A West Wemyss business claims damage to the Fife Coastal Path near to the village is having a detrimental effect on its customer numbers.
The West Wemyss Walk Inn, which is still operating as a cafe while the rest of the business is restructured, relies heavily on passing trade from those walking along the famous coastal route.
But Mikko Ramstedt, who sits on the board of the West Wemyss Community Development Trust, said that signs put up by Fife Coast and Countryside Trust (FCCT) telling people that parts are closed is leading them to by-pass the village.
Several parts were damaged during particularly bad storms in 2012 and 2013, and it is up to FCCT to carry out all of the repairs.
Mr Ramstedt said that damage at both the entry to the village from Dysart, and the exit out to East Wemyss, had not been fully dealt with, and subsequently there are now deep gouges were the path should be.
“There are meter deep cuts where the path is missing entirely preventing proper and safe access particularly during spring tides when these are sometimes filled with water,” he said.
“To the west of the village, (heading out to East Wemyss and on to the East Neuk) the path is also damaged and continuously subject to erosion which makes it uninviting and unsafe.”
Mr Ramstedt explained that when the path is damaged, the FCCT place ‘path closed’ signs along the route.
However, he claims that walkers would be able to pass at different points, and local residents have actually taken the matter into their own hands to prevent people by-passing the village completely.
“Villagers have taken to removing signs as otherwise we would be entirely cut off from any visitors approaching via the coastal path,” he said.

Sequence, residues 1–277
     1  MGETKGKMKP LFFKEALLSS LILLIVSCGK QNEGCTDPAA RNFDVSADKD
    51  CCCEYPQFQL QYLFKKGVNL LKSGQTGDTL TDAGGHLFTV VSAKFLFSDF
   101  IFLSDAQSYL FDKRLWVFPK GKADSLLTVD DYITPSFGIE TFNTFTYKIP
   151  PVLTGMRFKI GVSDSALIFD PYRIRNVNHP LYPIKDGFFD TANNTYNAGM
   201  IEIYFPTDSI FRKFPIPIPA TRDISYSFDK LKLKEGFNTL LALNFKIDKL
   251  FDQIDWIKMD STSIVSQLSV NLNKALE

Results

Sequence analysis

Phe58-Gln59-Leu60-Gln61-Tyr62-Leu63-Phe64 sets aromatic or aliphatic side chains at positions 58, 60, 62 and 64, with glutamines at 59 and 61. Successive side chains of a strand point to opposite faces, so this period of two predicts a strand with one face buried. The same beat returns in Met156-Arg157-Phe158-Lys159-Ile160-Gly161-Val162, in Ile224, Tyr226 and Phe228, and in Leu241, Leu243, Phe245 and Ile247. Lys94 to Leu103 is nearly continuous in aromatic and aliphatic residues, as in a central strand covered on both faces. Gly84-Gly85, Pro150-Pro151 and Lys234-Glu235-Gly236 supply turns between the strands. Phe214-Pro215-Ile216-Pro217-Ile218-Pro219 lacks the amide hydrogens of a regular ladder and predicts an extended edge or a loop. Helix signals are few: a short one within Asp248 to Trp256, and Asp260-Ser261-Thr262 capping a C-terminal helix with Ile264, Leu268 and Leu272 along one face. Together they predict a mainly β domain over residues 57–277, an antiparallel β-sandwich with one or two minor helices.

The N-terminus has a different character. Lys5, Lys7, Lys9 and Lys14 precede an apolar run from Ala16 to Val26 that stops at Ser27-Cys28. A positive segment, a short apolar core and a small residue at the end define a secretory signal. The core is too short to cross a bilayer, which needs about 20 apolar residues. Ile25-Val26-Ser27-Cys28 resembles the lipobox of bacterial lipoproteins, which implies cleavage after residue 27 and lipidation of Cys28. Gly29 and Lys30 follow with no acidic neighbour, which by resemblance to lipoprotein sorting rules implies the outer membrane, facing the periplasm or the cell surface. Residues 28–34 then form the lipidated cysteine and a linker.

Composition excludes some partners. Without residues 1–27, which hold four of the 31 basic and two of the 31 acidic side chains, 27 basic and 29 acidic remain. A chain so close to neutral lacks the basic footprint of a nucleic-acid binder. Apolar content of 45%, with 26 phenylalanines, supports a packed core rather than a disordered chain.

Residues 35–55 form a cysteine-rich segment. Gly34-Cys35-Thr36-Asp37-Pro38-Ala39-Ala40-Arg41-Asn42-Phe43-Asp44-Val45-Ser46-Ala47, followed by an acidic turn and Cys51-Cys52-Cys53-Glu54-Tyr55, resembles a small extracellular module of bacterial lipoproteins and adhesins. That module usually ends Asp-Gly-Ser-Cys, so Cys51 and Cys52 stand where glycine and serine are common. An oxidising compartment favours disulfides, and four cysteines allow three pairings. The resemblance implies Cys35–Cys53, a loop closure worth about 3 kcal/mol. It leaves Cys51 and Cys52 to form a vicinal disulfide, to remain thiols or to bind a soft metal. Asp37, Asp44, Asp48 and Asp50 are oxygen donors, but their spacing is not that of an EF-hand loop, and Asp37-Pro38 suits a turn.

He added: “For a community enterprise like the West Wemyss Walk Inn the coastal path is a lifeline.
‘‘Without passing trade a small village like ours is not big enough to support any hospitality business.
“We pay our taxes and what is needed is investment in return by FCCT and the Council so that villages like ours are supported in our attempts to regenerate these communities.”
A spokesman for Fife Coast and Countryside Trust said: “The coastal path is Scotland’s most popular coastal path, and the safety of its visitors is a priority.
“The dynamic nature and coastal environment can cause periodic erosion and subsidence of path sections that require us to continuously assess and maintain the entire path and, at times, close sections for safety.
“We try to keep closures as short as possible and provide diversions where we can while keeping public safety first.
“Around West Wemyss, high tide can damage the path and make it potentially unsafe for users.
“In these situations, our maintenance team will work as quickly as possible to repair it and make it safe for use again.
“The necessity to close the path for public safety is determined by the coastal ranger with consultation from the Trust’s coastal team leader and the maintenance team.”
They added: “We would advise everyone who enjoys exploring Fife Coastal Path to look out for signs and keep up to date with any closures on our website and social media.’’